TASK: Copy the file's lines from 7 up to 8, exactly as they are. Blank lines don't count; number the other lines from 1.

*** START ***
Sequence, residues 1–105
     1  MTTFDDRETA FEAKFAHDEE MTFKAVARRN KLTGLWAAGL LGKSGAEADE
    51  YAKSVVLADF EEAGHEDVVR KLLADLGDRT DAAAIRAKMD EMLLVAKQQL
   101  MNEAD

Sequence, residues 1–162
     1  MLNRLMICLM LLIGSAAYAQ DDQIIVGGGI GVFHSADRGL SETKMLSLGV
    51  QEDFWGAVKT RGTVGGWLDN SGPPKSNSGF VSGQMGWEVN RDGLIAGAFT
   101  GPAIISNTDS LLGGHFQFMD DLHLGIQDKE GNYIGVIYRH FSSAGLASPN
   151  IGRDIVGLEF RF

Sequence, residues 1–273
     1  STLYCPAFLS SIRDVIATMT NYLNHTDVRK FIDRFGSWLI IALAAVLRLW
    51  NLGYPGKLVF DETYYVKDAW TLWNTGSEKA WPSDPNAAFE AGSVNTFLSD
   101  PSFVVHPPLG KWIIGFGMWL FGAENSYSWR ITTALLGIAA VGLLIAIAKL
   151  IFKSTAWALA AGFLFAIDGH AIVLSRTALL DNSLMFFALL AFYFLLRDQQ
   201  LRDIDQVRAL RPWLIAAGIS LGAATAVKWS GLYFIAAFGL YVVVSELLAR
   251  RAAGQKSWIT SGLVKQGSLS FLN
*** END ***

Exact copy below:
    51  QEDFWGAVKT RGTVGGWLDN SGPPKSNSGF VSGQMGWEVN RDGLIAGAFT
   101  GPAIISNTDS LLGGHFQFMD DLHLGIQDKE GNYIGVIYRH FSSAGLASPN